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Why did Canada's medical marijuana company Tilray lay off 61 employees?

Tilray, one of Vancouver Islands largest medical marijuana growing companies, has decided to lay off 61 employees. Once thought of as a rapidly growing ...

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|Jul 8|magazine10 min read

Tilray, one of Vancouver Island’s largest medical marijuana growing companies, has decided to lay off 61 employees. Once thought of as a rapidly growing industry, it’s important to analyze these cut backs to see if trouble is circling the pot business. Specifically, why is this action taking place and are more issues on the horizon?

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Originally reported by CBC News and our sister brand Business Review Canada, Tilray has decided to make a little change in their business model—a change that could negatively impact many.

It was just back in 2014 that Tilray opened up its Nanaimo facility. Then, the company employed nearly 200 workers, making it a high profile business in the region. However, all of that is now in the past.

“Tilray is making changes to our operating model to more efficiently serve patients and the MMPR market as it exists today,” CEO Greg Engel stated.

This is quite a change for the company. In fact, Tilray has traded one side of the spectrum for the other. Last year, numerous jobs fairs were held, as well as detailed information sessions to try and get qualified workers to fill positions.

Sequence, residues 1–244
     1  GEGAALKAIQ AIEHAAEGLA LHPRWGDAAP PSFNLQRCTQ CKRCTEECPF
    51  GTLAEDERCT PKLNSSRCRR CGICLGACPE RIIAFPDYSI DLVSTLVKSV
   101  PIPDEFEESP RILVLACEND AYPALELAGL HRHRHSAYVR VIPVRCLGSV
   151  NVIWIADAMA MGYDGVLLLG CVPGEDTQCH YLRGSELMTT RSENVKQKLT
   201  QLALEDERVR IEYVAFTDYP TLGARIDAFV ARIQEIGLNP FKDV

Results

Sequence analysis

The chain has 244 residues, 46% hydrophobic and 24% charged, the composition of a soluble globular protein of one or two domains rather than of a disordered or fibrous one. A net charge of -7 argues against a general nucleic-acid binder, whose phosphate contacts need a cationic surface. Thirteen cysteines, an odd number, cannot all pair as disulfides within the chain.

In March, the Nanaimo Economic Development Corporation revealed that Tilray had generated more than $48 million for the local economy last year. Furthermore, 395 jobs had been created during the company’s construction and operation phases.

So what happened? Is the pot business going up in flames?

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Surprisingly, Ted Smith, the founder of the Cannabis Buyer’s Clubs in Victoria, Canada isn’t shocked by this recent announcement of the downsizing of operations.

In a statement, Smith said, “A number of companies that have been authorized by Health Canada have been very aggressive and I believe overestimated the profits that they’ll be able to make off patients in this short amount of time.”

He continued with, “I think we’d be doing a lot better by having dozens of smaller companies than having one large company controlling the market.

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While the medical marijuana industry doesn’t seem to be suffering, as there are still plenty of patients who rely on weed to aid certain illnesses and conditions, the business is changing. Tilray is downsizing, most likely in an attempt to increase their profits and ensure that the company is an overall success. Perhaps others in this line of work should follow suit, too?

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[SOURCE: CBC News]

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